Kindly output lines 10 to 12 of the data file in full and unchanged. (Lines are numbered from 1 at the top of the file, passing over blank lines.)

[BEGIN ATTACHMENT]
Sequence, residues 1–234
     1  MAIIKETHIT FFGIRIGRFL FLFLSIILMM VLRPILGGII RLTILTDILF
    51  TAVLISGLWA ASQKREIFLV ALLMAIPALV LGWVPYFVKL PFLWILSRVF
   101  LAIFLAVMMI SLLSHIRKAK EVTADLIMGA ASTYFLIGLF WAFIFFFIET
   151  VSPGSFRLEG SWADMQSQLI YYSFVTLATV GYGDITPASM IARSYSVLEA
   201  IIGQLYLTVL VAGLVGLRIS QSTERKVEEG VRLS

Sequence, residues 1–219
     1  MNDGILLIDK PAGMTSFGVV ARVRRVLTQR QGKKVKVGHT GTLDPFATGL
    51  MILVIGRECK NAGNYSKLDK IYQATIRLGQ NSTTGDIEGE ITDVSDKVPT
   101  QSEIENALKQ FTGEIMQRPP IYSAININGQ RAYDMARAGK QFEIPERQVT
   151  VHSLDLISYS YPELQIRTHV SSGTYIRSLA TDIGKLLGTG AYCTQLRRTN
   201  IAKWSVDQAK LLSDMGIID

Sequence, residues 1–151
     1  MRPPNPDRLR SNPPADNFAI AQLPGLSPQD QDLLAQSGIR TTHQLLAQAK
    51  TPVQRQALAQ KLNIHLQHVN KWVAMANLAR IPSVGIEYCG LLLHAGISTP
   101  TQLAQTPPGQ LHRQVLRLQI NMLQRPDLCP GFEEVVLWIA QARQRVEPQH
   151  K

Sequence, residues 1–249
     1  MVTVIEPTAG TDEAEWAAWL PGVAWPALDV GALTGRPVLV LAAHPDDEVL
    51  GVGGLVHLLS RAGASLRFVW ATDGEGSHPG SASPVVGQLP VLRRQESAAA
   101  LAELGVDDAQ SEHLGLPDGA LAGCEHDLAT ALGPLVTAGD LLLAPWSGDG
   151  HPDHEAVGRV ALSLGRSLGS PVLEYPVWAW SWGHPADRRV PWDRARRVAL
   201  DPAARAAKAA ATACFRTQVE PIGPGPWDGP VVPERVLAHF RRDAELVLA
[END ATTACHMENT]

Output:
   101  QSEIENALKQ FTGEIMQRPP IYSAININGQ RAYDMARAGK QFEIPERQVT
   151  VHSLDLISYS YPELQIRTHV SSGTYIRSLA TDIGKLLGTG AYCTQLRRTN
   201  IAKWSVDQAK LLSDMGIID